To help understand what might be happening, consider how many of us have children learning virtually right now. In my school district we oscillate between in-person and virtual learning. This back-and-forth struggle we are fighting with the virus in my district is probably representative of what is happening in the overall economy.

6. Way overbought and not broad-based

Much has been made of the fact that a few tech companies have boosted the stock market to record levels. It is true that the rally from March lows has not been the result of a broad-based rise in the value of most shares. Will the rally in tech shares end? Will a rollover from tech to value happen? Are markets priced for perfection and therefore priced for failure?

The U.S. stock market is expensive. Market data show that the P/E CAPE of the S&P is over 31 (15 – 17 is average). So there either has to be a significant fall in the prices of stocks (the “P” in the equation) or a massive increase in earnings (the “E”) for the P/E ratio to return to normal. Reversion to the mean will happen. The question is when.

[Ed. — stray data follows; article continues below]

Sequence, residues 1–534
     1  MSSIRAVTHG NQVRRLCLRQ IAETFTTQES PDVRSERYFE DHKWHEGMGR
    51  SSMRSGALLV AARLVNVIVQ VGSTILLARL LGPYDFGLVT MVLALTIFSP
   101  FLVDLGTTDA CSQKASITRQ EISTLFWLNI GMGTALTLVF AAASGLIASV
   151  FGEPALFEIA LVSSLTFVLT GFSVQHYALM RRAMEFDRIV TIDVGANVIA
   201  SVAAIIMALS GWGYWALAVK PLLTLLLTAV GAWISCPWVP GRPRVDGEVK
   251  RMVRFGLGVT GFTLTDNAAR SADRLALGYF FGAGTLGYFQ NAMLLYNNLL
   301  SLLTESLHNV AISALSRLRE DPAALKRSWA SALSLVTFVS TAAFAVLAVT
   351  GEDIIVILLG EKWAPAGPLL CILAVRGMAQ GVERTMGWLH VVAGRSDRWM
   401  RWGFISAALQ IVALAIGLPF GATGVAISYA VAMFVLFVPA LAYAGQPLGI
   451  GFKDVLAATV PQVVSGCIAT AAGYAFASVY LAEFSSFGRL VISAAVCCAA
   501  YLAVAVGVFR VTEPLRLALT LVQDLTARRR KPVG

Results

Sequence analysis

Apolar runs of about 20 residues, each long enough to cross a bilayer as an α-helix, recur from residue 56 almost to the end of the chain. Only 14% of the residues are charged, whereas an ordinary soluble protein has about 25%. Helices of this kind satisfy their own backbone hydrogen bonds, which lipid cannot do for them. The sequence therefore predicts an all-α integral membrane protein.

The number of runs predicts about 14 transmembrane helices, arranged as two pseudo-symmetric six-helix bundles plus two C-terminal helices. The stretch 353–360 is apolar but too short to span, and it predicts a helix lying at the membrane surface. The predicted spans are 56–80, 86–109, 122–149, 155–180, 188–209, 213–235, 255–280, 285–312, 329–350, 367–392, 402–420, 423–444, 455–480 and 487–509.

We have lived through an interesting 2020. It appears that 2021 may be just as challenging.


About the Author

Robert C. Lawton, AIF, CRPS is the founder and President of Lawton Retirement Plan Consultants, LLC. Mr. Lawton is an award-winning 401(k) investment adviser with over 30 years of experience. He has consulted with many Fortune 500 companies, including: Aon Hewitt, Apple, AT&T, First Interstate Bank, Florida Power & Light, General Dynamics, Houghton Mifflin Harcourt, IBM, John Deere, Mazda Motor Corporation, Northwestern Mutual, Northern Trust Company, Trek Bikes, Tribune Company, Underwriters Labs and many others. Mr. Lawton may be contacted at (414) 828-4015 or

About Lawton Retirement Plan Consultants, LLC